Author: Anuja Chauhan
I’ll make my sisters squirm like well-salted earthworms. I won’t sell. Even my jutti wont sell. And if I die na, then even my gosht won’t sell! The late Binodini Thakur had been very clear that she would never agree to sell her hissa in her Bauji’s big old house on Hailey Road. And her daughter Bonu, is determined to honor her mothers wishes.
But what to do about her four pushy aunts who are insisting she sell? One is bald and stingy, one is jobless and manless, one needs the money to ‘save the nation’ and one is stepmother to Bonus childhood crush-brilliant young Bollywood director Samar Vir Singh, who promised BJ upon his deathbed that he would get the house sold, divvy the money equally and end all the bickering within the family.
The first word baby Bonu ever spoke was ‘Balls’ and indeed, she is ballsy, bullshit-intolerant, brave and beautiful. But is she strong enough to weather emotional blackmail by the spadefull? Not to mention shady builders, wily politicians, spies, lies and the knee-buckling hotness of Samars intense eyes? Sharply observed and pulse-quickeningly romantic, this is Anuja Chauhan writing at her sparkling best!
After immensely enjoying Those Pricey Thakur Girls and that tantalizing paragraph about the sequel featuring Samar and Bonu, I couldn’t wait to get my hands on the ‘The House That BJ Built’. In this much-awaited book, Anuja Chauhan focusses her imagination on society’s obsession with property, heirs and hissa(s).
The plot has three threads running, Samar’s quest for making a film which is authentic and true to life and his pledge to BJ, his grandfather; Bonita aka Bonu’s self-oath on honoring her late mother’s wishes; and external forces like chachaji, Tringjis, Mushtaq Bhai, which were working against the Thakur girls. Amongst this chaos the romance blooming between Samar and Bonu, and… surprise, surprise between Eshwari and Satish or shall I say Steesh.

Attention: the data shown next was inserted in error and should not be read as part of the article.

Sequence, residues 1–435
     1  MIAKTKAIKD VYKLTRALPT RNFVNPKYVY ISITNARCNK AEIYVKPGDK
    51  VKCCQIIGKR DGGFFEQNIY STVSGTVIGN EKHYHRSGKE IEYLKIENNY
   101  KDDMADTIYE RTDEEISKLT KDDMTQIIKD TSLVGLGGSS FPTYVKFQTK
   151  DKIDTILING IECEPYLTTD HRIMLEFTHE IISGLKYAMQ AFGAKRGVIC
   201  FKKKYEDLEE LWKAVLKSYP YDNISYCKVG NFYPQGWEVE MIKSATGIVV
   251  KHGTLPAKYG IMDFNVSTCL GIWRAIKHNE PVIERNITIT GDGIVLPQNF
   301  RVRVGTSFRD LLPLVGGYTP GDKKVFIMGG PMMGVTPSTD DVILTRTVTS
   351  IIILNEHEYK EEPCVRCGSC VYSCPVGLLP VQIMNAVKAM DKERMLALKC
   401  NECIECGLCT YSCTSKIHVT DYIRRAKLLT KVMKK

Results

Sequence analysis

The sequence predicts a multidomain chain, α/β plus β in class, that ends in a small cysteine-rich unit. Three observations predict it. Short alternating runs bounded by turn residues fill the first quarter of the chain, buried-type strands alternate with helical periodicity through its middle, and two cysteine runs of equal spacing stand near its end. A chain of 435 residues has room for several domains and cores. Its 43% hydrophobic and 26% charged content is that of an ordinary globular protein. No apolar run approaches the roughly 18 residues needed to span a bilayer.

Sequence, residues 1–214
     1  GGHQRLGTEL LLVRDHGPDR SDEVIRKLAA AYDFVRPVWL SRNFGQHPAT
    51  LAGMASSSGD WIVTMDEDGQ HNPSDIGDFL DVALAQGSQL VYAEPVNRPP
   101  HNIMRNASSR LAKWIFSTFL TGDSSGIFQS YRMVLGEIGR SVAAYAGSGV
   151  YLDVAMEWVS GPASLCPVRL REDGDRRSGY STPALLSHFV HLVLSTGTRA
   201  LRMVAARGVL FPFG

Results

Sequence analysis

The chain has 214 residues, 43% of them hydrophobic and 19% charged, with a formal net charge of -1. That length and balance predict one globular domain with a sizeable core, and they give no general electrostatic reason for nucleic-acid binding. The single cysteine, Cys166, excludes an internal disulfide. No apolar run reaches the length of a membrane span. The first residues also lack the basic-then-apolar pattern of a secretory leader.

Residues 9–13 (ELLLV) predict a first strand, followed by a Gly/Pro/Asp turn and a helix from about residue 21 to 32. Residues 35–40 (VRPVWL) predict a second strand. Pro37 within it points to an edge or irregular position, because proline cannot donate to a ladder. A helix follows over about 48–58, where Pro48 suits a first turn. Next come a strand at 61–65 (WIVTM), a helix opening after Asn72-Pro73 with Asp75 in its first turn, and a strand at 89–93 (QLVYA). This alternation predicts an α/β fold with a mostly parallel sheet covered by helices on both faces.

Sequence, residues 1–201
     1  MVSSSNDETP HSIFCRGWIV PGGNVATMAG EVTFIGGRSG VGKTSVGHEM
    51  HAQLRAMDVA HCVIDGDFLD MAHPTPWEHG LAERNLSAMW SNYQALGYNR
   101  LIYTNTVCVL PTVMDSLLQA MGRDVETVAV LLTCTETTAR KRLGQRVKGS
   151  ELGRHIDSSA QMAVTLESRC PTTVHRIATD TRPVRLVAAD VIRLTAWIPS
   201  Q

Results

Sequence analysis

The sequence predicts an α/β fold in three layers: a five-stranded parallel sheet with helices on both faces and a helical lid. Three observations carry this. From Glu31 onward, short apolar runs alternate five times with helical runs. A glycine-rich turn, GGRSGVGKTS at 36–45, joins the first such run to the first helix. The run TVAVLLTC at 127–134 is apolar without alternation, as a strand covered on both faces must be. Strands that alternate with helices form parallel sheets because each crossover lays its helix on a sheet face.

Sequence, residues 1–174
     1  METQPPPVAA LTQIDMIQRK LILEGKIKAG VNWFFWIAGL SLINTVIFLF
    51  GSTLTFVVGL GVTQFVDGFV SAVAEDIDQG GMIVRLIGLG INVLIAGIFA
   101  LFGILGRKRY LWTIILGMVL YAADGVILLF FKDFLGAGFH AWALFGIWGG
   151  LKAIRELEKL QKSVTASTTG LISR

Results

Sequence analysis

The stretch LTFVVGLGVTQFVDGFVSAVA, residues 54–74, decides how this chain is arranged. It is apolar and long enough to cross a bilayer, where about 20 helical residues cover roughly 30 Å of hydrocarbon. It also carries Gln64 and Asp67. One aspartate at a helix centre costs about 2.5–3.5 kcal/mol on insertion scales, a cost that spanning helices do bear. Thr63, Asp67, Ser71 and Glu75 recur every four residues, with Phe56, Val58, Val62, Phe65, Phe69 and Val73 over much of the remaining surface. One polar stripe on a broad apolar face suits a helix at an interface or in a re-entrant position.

The story is written in typical Anuja Chauhan’s style which brings on smiles and at times invokes laughter. Bonita is today’s girl who can recite poems with BJ, run a business and take a stand. Samar is the hot big-shot film director, who puts even the nation’s heart-throb Zeeshan to sidelines with his charm and affinity towards his priorities and values.
The story started very well with focus on the lead pair Samar Vir Singh and Bonita Singh Rajawat, but mid-way somewhere I realized I was reading more about Chachi, Anjini, Chandu and all. In the main plot of selling the house and the lawsuit only original Thakur girls and Chacha’s family were involved, Bonu and Samar were nowhere into picture!
Bonu’s resentment and confusion is understandable in the light of years of neglect by her mausis and the passionate rant fed to her by her mother, in her formative years. But why did the mausis never paid attention to the orphaned child, it is surprising because it goes against the characters’ of Anjini, Debjani and Eshwari.
I also couldn’t understand why Samar, who seemed to be a levelheaded guy, turned into a mob-pacifying stuntman. He kept appearing and disappearing in between scenes either in Mumbai or in Delhi that it was difficult keeping track.
In a Rom-Com the expectation is an equal dosage of romance and comedy, but for me THTBB is more com-com with a random sprinkling of ‘rom’, which also, it seemed, was on budget. It was as if the author is shying away the moment the rom-pairs came together in the scenes.
All in all an interesting read but not upto Zoya Factor or Those Pricey Thakur Girls.
About the Author:
Anuja Chauhan is an Indian author and advertiser. She worked in the advertising agency, JWT India, for over 17 years. She has written 3 novels, The Zoya Factor (2008), Battle For Bittora (October 2010) and Those Pricey Thakur Girls (January 2013). All three books are romances.